Bringing together participants of the annual Oxford Farming Conferences, this over-subscribed event enabled participants to discuss, share experiences, and l
  • Green gas can help Scotland meet energy goals

    Charlotte MortonGreen gas can make a key contribution to meeting the goals set out in Scotland’s first ever Energy Strategy, according to the UK’s trade body for anaerobic digestion (AD).
    Charlotte Morton, Chief Executive of the Anaerobic Digestion & Bioresources Association (ADBA), said:
    “The Scottish Government has set itself ambitious but necessary targets for generating renewable energy in its new Energy Strategy, and renewable heat and electricity produced through AD c
  • Farmers invited to take part in diverse cropping project to increase yields

    Winter pea – cereal mixture plots at Balruddery Farm. Picture credit : DIVERSifyThe Organic Research Centre, a leading independent research charity, is inviting UK farmers to participate in a new EU-funded project called DIVERSify which is investigating how to maximise the performance of crop mixtures (or plant teams) to improve yields while reducing the reliance on inputs.
    Dr Bruce Pearce from the Organic Research Centre said, “It is estimated that we will need a 70% growth in food
  • Gove: Tree planting rates have not been good enough

    Agroforestry – image: Woodland TrustEnvironment Secretary Michael Gove has given a strong indication that the Government’s 25 year plan for the environment, due in the New Year, will tackle the issue of woefully low tree planting.
    Speaking at the Woodland Trust’s parliamentary launch on Wednesday (December 6) of a series of essays outlining its vision for a post Brexit integrated land use policy, the Secretary of State said:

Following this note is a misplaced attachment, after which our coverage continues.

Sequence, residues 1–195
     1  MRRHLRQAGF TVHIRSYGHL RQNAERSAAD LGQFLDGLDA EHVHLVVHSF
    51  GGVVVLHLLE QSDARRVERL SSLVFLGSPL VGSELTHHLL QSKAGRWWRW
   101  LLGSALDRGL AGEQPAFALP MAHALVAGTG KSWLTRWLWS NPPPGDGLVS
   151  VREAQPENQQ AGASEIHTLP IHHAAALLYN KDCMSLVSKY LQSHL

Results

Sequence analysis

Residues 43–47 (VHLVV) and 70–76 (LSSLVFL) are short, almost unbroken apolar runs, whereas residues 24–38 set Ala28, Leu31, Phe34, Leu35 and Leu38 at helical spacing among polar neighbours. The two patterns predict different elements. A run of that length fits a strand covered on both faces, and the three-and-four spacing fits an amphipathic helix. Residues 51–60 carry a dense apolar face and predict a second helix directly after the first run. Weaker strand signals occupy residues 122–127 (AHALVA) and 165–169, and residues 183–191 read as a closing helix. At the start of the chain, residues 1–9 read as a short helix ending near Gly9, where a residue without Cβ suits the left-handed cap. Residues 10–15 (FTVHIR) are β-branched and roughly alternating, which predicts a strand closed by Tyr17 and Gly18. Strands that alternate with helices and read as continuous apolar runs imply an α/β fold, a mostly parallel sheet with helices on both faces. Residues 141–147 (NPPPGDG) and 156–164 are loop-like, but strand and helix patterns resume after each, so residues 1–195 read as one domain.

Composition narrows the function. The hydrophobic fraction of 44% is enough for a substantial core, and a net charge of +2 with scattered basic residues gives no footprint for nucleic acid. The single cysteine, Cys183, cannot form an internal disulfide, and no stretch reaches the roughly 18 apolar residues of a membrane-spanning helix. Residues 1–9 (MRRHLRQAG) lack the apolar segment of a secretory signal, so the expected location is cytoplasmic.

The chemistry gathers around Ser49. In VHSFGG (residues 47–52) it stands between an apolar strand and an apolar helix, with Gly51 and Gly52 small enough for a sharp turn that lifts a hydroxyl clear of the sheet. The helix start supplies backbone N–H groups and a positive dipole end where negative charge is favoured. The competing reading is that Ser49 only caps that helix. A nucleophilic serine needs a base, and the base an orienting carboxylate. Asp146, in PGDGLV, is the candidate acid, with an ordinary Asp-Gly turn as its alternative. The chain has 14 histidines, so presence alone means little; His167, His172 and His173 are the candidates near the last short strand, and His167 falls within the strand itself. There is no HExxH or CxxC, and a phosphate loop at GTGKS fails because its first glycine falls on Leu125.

“There is a responsibility for us to plant for
  • ADBA launches pioneering AD Certification Scheme at annual conference

    UK trade body the Anaerobic Digestion & Bioresources Association (ADBA) will today launch its pioneering AD Certification Scheme at the ADBA National Conference 2017 in London.
    The voluntary, industry-led scheme is designed to support operators of AD plants, including those based on farms, to improve their operational, environmental, and health and safety performance, in particular in terms of energy generation and digestate quality.
    ADBA has developed the scheme, working closely with indus
  • Midlands Machinery Show 2017 earns positive recognition from farming community

    Visitors at the Midlands Machinery Show 2017Inventive machines – there were plenty on show. Innovative ideas – many were shared. Yet the key talking point during the Midlands Machinery Show 2017, which took place on 22 and 23 November at Newark Showground in Nottinghamshire, was the opportunity provided by the show to bring the agricultural industry together.
    Returning for the fourth year and organised by the Newark & Nottinghamshire Agricultural Society, the two-day farming eve